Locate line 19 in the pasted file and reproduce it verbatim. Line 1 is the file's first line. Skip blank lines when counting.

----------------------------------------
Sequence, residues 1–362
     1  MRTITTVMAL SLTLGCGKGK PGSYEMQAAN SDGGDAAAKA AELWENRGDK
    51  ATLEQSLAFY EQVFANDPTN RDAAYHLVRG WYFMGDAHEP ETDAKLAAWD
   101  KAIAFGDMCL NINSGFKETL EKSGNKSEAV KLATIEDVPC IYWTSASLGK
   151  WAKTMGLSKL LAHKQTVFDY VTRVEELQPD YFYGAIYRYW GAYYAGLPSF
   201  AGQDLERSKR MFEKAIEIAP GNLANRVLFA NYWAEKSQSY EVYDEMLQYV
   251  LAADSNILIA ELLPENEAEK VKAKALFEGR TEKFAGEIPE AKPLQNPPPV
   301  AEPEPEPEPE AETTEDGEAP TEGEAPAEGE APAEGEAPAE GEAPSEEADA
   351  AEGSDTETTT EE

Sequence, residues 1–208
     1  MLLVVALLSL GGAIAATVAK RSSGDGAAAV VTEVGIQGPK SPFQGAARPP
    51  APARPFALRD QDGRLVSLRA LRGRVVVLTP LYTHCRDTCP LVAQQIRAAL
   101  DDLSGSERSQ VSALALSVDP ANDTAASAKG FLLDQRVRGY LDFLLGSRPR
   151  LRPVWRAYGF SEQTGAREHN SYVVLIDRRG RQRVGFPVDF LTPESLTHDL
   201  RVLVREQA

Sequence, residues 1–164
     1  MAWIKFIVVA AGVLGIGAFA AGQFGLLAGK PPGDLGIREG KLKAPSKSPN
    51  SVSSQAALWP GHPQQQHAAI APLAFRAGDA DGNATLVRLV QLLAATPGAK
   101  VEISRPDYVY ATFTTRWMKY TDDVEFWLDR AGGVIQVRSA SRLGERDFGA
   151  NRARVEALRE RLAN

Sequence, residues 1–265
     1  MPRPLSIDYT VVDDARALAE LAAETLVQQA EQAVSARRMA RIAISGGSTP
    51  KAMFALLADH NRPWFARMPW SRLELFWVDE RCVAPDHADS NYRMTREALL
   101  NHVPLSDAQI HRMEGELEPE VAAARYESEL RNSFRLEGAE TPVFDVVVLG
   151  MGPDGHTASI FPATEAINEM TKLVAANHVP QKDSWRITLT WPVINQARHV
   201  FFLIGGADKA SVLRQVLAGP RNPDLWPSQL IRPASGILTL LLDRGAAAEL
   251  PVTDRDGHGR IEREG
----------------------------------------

   101  VEISRPDYVY ATFTTRWMKY TDDVEFWLDR AGGVIQVRSA SRLGERDFGA